Mid and Late Holocene flooding reconstruction based on fluvial archives of the East Carpathian rivers
This paper focused on the analysis of the interpretation potential given by fluvial archives, in order to decipher the Mid- to Late Holocene sedimentary history. The database discussed here refers to 65 dated ages (mostly radiocarbon), mappings of the most representative floodplain reaches of Suceava, Moldova and Siret rivers, and 23 outcrops analysed in floodplain deposits (river banks or gravel pits). The study results concentrated on (a) describing the regional features of Eastern Carpathian floodplains, (b) the floodplain morphology and its correlation with the structure of fluvial deposits and (c) identifying the paleoevents of fluvial activity on a centennial timescale. In this way, we were able to identify a general pattern of the dynamic geomorphology history for the rivers situated eastward of the Carpathians, which resulted from combining the Mid- to Late Holocene sedimentation phases, the avulsion and lateral migration processes that occurred during high fluvial activity intervals and the morphological adjustment of the rivers channels, from braiding to wandering and sinuously–meandering. The chronological overlay of the events revealed that the time intervals with the most extensive fluvial processes on the rivers draining the Eastern Carpathians occurred (in years before present) during 6200, 5300, 4100–4080, 3600, 2300–2200 (Iron Age), 1300 (Migrations Period), 950–970 (Medieval Climate Anomaly), 750–520 BP (Little Ice Age) and that these intervals generally overlap the high precipitation palaeoclimatic episodes documented in Romania. The fluvial activity of the rivers during the Mid- to Late Holocene has been compared as well with several records of paleo–climates variability over the geographical area of Romania. The result showed that many flooding episodes were coincident with the wet and cold intervals which were also identified in the variation of the other proxy data, especially after 4.7 kcal BP.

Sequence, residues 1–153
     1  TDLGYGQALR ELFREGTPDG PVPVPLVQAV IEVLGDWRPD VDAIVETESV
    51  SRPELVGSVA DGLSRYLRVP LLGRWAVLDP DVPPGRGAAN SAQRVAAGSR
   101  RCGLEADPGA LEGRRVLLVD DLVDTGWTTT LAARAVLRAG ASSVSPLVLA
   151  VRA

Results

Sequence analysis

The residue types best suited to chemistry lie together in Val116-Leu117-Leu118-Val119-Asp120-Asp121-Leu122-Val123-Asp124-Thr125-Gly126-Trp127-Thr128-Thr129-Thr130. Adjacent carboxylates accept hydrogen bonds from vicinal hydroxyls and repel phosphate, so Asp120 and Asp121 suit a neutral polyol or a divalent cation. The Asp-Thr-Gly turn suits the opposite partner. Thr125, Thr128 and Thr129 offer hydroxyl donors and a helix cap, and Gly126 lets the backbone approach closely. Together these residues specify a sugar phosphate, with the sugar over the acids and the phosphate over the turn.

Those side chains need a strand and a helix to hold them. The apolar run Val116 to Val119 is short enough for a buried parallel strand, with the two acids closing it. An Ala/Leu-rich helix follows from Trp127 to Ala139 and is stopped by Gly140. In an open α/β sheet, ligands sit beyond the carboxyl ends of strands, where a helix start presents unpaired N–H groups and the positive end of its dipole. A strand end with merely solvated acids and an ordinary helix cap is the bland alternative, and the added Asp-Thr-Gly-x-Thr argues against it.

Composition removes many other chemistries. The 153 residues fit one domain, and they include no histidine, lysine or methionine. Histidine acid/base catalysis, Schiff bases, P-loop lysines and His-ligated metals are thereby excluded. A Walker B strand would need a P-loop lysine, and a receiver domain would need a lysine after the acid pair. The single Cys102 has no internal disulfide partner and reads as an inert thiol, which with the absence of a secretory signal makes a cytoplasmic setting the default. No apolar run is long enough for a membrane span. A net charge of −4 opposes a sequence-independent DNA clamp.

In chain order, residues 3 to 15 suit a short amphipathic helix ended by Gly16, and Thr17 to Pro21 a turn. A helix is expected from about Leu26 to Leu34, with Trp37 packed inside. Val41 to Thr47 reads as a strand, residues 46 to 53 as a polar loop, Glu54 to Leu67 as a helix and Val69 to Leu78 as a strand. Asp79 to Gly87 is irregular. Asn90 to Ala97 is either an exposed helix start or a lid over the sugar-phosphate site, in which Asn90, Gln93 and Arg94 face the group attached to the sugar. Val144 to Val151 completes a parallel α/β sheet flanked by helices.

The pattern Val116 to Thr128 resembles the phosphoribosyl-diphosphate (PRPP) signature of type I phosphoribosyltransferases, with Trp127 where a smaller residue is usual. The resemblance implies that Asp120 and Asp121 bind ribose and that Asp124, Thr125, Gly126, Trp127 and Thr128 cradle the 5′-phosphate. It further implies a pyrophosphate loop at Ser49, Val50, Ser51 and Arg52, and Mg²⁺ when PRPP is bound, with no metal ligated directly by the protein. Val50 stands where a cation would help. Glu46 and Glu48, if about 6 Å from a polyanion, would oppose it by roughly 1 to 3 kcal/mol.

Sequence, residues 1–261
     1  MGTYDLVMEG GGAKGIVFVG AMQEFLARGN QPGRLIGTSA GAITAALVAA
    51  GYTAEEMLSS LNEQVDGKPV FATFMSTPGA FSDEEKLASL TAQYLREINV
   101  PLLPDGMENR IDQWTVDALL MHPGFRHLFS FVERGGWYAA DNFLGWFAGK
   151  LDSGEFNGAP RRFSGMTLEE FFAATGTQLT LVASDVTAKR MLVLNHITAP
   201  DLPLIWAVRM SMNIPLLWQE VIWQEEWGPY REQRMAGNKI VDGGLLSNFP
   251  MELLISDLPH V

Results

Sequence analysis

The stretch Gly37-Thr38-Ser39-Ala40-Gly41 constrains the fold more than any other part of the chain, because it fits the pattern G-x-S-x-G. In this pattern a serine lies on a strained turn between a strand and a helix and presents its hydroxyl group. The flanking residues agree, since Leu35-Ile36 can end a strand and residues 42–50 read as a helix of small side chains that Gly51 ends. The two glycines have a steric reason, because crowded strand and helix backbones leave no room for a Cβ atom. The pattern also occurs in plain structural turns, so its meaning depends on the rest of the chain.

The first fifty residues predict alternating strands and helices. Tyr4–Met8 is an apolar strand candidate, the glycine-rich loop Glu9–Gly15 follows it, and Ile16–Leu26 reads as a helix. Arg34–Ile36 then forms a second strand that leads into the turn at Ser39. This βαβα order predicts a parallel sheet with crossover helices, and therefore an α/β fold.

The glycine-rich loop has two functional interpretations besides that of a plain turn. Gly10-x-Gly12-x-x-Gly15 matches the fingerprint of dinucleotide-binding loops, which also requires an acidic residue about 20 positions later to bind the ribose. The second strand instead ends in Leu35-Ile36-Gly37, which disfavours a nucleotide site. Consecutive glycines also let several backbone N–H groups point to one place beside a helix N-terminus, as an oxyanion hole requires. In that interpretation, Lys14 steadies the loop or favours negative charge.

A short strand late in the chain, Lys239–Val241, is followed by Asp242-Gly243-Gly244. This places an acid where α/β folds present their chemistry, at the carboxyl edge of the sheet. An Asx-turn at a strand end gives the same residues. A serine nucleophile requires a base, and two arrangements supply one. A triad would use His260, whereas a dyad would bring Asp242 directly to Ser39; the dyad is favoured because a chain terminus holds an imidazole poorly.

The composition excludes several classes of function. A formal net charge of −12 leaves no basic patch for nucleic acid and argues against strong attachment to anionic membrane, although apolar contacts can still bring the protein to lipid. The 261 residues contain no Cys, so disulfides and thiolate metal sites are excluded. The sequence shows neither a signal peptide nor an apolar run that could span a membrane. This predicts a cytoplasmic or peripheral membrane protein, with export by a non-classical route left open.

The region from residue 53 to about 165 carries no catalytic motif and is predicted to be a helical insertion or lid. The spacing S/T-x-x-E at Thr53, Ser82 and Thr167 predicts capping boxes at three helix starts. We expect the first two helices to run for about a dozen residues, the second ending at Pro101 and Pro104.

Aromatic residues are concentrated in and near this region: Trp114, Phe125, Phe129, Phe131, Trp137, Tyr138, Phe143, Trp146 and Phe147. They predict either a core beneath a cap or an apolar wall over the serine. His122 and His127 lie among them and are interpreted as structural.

This work is licensed under a Creative Commons Attribution-NonCommercial 4.0 International License.